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ENT apps for trainees are few and far between. Here are a couple of them which could be useful for the on-call.

 

ENTSHO.com

Born out of the website with the same name, this app is a must-have if you work in a trust with bad internet connection or if you just don’t want to be caught Googling ‘where is the mastoid’ on a large desktop monitor in A+E (is it only me that gets embarrassed about this?).

If you haven’t heard of this website, then you’re in for a treat. This is probably the best resource I’ve found that tackles the majority of things you may come across during an on-call ENT shift. It is practical, incredibly useful, written by ENT trainees, and checked by an ENT senior before publication onto the website. It is also delightfully up to date. I was pleased to find that the app contains all of the same information, whilst having the additional bonus of being accessible offline.

“This is probably the best resource I’ve found that tackles the majority of things you may come across during an on-call ENT shift”

The app itself has a simple design that works perfectly, with a treasure trove of key ENT content. A few topics to whet your appetite are assessing and managing an airway trauma (including when to escalate to a senior), how to assess and drain a quinsy, how to conduct flexible nasendoscopy, and what the indications, risks, and postop complications are for a tracheostomy (and how to deal with them).

Positives:

  • Covers the majority of problems faced during the ENT on-call.
  • Explanations enhanced by diagrams, pictures, or video hyperlinks.
  • Concise information.

Negatives:

  • Paid app.

 

Learn ENT

This has been previously covered by ENT & Audiology News in 2015 [1], however it needs to be mentioned again in this list. Branded the official learning app of the Canadian Society of Otolaryngology – Head and Neck Surgery, this app has a lot to live up to. With that said, it largely delivers. As an app, it also does the most out of any of the others, embedding videos, pictures, quizzes, and editable notes for different sections. It has also undergone a few design changes since our last review.

Regarding the content, there is information here for both junior and senior ENT trainees, with sections starting from basic (e.g. head and neck examination instructions, and accompanying video), to more specialised material (e.g. various classification systems for diseases, cancer staging and neck dissection steps and anatomy). For the SHO on call however, the most useful section can be found under ‘approach to common problems’, where very comprehensive assessment, work-up and management sections are documented for a range of presenting complaints. Unlike the ENTSHO app, Learn ENT requires internet access at the time of usage.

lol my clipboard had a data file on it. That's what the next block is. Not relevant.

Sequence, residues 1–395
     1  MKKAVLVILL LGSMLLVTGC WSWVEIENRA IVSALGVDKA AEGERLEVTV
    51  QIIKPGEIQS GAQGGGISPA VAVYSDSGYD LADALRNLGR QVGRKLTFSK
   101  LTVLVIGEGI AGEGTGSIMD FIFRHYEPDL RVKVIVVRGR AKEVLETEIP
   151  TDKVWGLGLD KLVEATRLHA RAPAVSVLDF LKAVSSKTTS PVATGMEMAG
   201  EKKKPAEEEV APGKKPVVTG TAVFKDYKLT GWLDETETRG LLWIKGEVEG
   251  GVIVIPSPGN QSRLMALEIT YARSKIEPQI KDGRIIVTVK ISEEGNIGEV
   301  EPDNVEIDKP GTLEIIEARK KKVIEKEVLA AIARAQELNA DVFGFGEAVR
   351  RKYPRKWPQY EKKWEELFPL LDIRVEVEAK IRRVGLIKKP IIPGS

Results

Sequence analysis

Positives:

  • Useful for ENT trainees at different levels of training.
  • Useful for the on-call, and for clinic, theatre or general learning.

Negatives:

  • A few of the sections are a bit sparse.
  • Some sections are quite long and take a while to load if your internet speed is poor.

 

 

ENT UK

This uses a third-party app to run, and so can be downloaded by following the instructions at www.entuk.org/ent-uk-app-released. The app is essentially a phone-friendly version of the website, with all the same information, and so has not primarily been created for the on-call ENT trainee. With that said, it receives an honourable mention as the clinical guidelines section is extremely strong, presenting information in a flow-diagram that automatically cuts out the less essential information that isn’t needed during the on-call shift, and highlights the important red flags and management steps.

“The clinical guidelines section is extremely strong, presenting information in a flow-diagram that automatically cuts out the less essential information that isn’t needed during the on-call shift”

There is also a ‘conditions and procedures’ section that contains good nuggets of information about percentage risks for operations which could come in handy when consenting.

Positives:

  • Simple, high-yield flowchart diagrams for various guidelines, such as sudden hearing loss.

Negatives:

  • Limited number of clinical guidelines.• Some guidelines require ENT UK membership login.

 

SeeENT

Although not helpful clinically, this app is full of different ENT-relevant diagrams that can be zoomed in, drawn on, or edited with different colours to help explain a procedure, finding, or concept to a patient.

 

E-i pro

Similar to above, this app does not directly help with the on-call, but allows for endoscopic findings to be recorded on your phone which can then be shown to the patient or a colleague for a second opinion, and/or saved into the patient’s records (dependent on the trust’s data protection and confidentiality protocol). An adaptor needs to be purchased separately from the endoscope-i website - https://shop.endoscope-i.com/.

 

Conclusion

Although there are limited apps for ENT trainees, a handful of them have the potential to make the on-call more manageable.

 

 

 

Reference

1. Pothier D, Falls C. LearnENT app – bringing otolaryngology to your mobile. ENT & Audiology News 2015:23(6).96.

 

Declaration of competing interests: Chris Coulson is director of endoscope-i, but was not involved in the selection or review of the e-i pro app in this article.

 

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CONTRIBUTOR
Jonathan Lee

MBChB, Birmingham Children’s Hospital, UK.

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